Surely the only room in the whole of the National Trust that was used as an eel reservoir and then turned into a student bar: 5 out of 5

Fell Foot

I ate A LOT of National Trust scones in August 2019. I had managed to visit 8 properties between January and July, but it wasn't enough. I had committed to finishing this project by December 2020 and 1.14 scones a month was not going to get me over the finish line.

I thought about hiring a personal scone trainer/scone coach to help me get closer to my goal, but unfortunately they don't exist. So I just went on a scone rampage. In the first 30 days of August I managed to visit 23 National Trust properties across Devon, the Midlands, and Northern Ireland, racking up a total of 19 scones. 

By August 30th I was fatter, covered in scone crumbs, and smelling faintly of jam when my phone pinged. I struggled out from under a pile of National Trust maps and guidebooks to find a text from my friend Sarah-Jane saying she was looking forward to seeing me for the weekend and that she was planning to drive us to the Lake District - but would I be able to manage three scones in one day?

WAS I ABLE TO EAT THREE SCONES IN ONE DAY? Did she know who I was?? Like Godzilla, I raised myself up from the depths of a scone-induced torpor and headed for Euston station.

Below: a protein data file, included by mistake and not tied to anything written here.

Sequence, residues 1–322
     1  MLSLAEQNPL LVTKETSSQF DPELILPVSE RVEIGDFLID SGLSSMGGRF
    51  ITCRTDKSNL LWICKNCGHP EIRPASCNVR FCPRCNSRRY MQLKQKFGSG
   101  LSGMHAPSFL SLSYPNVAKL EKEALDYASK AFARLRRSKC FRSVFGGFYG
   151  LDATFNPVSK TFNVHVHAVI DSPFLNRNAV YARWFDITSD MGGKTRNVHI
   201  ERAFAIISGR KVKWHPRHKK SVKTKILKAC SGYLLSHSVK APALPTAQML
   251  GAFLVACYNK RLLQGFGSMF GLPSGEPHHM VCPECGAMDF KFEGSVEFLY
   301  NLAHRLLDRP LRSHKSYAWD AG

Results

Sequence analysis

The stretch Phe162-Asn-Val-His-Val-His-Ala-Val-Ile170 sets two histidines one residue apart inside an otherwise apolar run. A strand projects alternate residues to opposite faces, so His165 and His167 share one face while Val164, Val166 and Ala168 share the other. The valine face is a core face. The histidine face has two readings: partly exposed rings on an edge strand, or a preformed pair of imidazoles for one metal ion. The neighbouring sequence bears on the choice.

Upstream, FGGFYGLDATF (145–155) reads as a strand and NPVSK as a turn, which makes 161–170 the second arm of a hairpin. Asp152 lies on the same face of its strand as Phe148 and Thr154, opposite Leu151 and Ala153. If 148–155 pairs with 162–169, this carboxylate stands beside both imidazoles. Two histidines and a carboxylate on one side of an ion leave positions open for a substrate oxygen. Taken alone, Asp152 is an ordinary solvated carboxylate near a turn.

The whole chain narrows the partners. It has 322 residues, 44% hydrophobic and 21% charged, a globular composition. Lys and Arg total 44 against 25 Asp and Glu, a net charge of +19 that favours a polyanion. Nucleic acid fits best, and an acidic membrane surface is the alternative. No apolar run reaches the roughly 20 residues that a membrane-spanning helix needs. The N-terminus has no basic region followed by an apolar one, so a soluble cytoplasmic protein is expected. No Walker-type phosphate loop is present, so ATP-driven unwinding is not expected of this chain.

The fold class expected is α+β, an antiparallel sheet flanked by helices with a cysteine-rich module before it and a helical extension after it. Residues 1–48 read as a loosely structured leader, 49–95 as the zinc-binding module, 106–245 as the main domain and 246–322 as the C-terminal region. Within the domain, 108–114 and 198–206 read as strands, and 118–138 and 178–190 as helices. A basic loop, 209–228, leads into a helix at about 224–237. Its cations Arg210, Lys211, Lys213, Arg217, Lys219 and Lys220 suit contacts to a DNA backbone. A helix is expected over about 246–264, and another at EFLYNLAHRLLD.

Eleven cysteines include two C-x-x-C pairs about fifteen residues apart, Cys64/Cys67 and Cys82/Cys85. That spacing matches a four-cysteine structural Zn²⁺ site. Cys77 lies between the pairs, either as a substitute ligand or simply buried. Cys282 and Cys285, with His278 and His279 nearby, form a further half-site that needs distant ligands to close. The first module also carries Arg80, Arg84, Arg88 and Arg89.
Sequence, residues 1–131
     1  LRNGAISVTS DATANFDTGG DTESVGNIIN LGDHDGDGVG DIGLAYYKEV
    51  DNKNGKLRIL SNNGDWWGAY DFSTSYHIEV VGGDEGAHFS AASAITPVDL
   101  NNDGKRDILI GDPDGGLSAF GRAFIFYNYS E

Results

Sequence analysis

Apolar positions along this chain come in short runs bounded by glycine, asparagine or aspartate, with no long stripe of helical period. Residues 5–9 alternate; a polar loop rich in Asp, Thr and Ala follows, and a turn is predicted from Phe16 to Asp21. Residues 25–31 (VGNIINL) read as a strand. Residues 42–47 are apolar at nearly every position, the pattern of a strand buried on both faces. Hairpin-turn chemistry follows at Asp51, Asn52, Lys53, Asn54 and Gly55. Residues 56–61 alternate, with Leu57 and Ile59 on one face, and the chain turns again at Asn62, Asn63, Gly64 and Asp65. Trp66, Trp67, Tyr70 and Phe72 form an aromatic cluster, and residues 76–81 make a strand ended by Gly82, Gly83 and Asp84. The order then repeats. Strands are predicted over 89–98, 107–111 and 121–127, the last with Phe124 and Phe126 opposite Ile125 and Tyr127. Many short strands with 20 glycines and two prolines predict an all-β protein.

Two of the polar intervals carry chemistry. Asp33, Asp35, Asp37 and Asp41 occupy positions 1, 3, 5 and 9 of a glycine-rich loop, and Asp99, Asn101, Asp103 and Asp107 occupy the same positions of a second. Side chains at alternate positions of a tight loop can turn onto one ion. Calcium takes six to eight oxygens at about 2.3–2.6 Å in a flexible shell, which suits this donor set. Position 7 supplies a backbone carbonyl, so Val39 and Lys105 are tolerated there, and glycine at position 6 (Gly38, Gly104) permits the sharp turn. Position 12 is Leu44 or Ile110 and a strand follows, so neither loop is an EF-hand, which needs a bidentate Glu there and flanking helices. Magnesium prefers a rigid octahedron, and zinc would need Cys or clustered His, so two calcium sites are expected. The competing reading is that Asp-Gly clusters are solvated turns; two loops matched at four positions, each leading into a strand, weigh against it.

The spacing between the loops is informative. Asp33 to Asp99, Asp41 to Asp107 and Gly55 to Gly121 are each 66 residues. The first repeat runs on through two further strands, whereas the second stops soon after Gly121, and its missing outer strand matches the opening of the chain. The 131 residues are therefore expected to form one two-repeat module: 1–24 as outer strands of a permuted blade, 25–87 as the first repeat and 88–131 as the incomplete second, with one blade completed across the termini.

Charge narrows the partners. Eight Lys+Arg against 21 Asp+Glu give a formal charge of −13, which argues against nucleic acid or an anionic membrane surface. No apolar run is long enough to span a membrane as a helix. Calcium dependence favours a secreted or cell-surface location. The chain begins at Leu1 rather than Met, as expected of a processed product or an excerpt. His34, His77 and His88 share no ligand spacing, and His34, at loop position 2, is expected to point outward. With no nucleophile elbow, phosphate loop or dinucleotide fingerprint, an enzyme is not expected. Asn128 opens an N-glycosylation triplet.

And this is how, one rainy August Saturday morning, we found ourselves at Fell Foot, a shoreline park at the bottom of Lake Windermere in Cumbria.

The Lakeside and Haverthwaite Railway adding
a bit of Victorian glamour in the background
Fell Foot was once the site of a large lakeside villa. A man called Jeremiah Dixon from Leeds enlarged the original farmhouse after 1784, before selling up to a Francis Astley who in turn sold the place to Colonel George Ridehalgh in 1859. 

It was Colonel George who created the piers and the five Gothic-style boathouses that still survive today. To really see the boathouses, you can catch the Fell Foot Ferry from nearby Lakeside and approach from the water.


The Gothic boathouses -
a bit incongruous against the modern-day cruiser
The estate was then sold to an Oswald Hedley, who demolished the house and started work on a new neo-Jacobean mansion. But his wife died and he lost interest in Fell Foot. The property was given to the National Trust after he died.